Compromise Kills Innovation!

The most innovative leaders of our time were mostly assholes. Why? They refused to budge on their idea. Everything in their body told them what needed to be done to make their idea happen, and they refused to compromise on even the smallest details. This is how greatness happens.

True change only happens when someone is unwilling to listen to their critics.

This is also the exact way more careers are killed than any others. It’s all or nothing. Greatness happens at the edges, not in the middle.

Unfortunately, this doesn’t fit well in most corporate environments. Most MBA programs don’t teach you to be a tyrant. Leadership development, in today’s corporate world, is about bringing everyone to the middle. Finding ways that we can all get along. Even suppressing those who push the envelope too far.

We want everyone to line up nice and pretty. To play the role they were hired to play. To be the poster children for compromise.

It’s important for leaders to understand this concept if your job as a leader is to drive innovation and change. You don’t drive this through compromise and you need some renegades on your team, that quite frankly you might not even enjoy being around.

It took me so long to learn this because I was a renegade as an employee. I couldn’t understand why my leaders kept pushing me to compromise when I knew the right way to do something, the better way to do something, the new way to do something.

Once I became a leader I acted the exact same way towards those who were like me. Get back in line. Run the play. Do what the others do. That was the leadership I was taught. I didn’t value those who seemed to be fighting me, just as I use to fight. New leaders struggle with this because we take it personally.

We feel like those renegade employees are actually fighting us. When in reality they’re fighting everything. It’s our job as leaders to understand that the fight they have is super valuable if directed at the right target! To get them to understand they don’t need to fight everyone and everything but pick some fights that help us all and then support that fight.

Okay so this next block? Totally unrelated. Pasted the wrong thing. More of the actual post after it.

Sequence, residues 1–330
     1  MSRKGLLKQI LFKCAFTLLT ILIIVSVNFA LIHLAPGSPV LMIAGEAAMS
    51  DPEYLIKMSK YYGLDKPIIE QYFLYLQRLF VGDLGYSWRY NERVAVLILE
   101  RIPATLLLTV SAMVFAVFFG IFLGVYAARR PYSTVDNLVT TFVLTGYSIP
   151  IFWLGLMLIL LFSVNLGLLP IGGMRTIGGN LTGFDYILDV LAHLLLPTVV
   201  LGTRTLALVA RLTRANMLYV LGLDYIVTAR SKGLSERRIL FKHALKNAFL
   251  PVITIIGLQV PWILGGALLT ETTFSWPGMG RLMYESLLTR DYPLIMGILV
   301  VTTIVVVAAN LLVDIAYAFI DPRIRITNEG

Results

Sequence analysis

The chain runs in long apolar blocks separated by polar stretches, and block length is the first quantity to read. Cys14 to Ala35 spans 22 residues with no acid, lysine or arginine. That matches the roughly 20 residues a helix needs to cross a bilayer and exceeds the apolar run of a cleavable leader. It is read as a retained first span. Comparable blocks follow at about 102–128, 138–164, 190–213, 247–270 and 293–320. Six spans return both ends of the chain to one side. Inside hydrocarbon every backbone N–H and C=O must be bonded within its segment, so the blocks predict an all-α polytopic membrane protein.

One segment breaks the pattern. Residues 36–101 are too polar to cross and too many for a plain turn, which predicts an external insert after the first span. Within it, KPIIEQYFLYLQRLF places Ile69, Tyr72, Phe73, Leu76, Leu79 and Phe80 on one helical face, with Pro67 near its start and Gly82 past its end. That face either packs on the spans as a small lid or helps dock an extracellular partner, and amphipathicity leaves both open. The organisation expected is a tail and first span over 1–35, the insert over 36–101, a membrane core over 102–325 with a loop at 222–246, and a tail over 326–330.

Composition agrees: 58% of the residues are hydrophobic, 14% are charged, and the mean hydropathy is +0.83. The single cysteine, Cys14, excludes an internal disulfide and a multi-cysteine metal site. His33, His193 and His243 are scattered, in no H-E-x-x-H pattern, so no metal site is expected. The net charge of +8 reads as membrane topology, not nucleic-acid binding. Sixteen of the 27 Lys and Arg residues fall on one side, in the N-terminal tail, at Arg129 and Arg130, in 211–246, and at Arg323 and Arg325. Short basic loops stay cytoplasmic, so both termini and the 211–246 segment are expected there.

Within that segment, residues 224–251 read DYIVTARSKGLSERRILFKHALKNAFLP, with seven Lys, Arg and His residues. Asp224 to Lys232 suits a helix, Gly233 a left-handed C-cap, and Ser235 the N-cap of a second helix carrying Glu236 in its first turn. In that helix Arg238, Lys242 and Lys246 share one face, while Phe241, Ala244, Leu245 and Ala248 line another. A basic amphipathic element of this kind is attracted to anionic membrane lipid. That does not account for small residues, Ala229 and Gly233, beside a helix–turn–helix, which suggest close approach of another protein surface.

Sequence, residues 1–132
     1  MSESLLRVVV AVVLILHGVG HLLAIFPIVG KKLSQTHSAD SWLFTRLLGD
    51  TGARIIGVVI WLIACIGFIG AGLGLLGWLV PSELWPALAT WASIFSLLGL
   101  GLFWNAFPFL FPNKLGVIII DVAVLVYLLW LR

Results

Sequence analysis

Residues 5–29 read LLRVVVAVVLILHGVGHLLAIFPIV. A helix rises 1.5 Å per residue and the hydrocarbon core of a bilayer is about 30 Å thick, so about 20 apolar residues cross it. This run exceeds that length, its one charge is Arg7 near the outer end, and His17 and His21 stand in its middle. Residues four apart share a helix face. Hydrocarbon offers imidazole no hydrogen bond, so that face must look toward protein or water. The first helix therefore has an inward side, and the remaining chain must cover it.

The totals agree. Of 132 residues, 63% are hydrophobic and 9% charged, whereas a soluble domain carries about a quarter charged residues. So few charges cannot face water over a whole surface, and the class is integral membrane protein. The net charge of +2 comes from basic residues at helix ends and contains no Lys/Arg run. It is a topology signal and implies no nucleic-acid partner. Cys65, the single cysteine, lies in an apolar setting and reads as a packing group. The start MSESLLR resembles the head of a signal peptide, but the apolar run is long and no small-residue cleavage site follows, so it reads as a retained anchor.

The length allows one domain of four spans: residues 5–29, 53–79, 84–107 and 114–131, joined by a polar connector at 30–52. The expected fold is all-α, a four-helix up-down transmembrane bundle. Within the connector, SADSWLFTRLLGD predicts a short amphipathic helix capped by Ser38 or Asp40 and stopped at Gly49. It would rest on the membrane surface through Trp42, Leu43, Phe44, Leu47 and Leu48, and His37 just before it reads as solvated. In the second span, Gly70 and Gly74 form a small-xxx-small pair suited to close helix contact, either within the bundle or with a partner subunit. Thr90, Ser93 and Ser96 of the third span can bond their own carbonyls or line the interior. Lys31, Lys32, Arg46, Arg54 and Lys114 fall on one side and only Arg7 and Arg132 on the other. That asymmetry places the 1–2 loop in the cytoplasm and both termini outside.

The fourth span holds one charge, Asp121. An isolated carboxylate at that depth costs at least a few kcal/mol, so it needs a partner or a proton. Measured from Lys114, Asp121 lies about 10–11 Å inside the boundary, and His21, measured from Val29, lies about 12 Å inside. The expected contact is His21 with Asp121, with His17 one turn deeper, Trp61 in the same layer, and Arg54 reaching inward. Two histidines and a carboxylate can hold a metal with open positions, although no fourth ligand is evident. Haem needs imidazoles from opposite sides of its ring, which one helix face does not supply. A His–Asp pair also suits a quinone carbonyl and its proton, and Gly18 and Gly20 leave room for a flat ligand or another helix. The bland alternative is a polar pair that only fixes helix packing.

This isn’t everyone you lead. It’s actually a really tiny number, but it seems bigger because they take up a lot of time and cause a lot of commotion amongst the drones who want to stay in their box. But, this is how change and innovation are born. By one person who is unwilling to compromise because they know a better way and they’re willing to fight to make it a reality.

This isn’t to say it will always work. Most ideas fail, but those who are willing to make an uncompromising stand for their idea, stand a better chance of seeing that idea succeed.

Here’s where I struggle. If we believe the above premise is true, it seems exclusionary. So, can we be innovative and inclusive of thought all at the same time? I’m arguing above that you can’t. What do you think? Hit me in the comments.

3 thoughts on “Compromise Kills Innovation!

  1. This is so interesting. I’d absolutely kill to work somewhere where people don’t have an emotional attachment to their processes.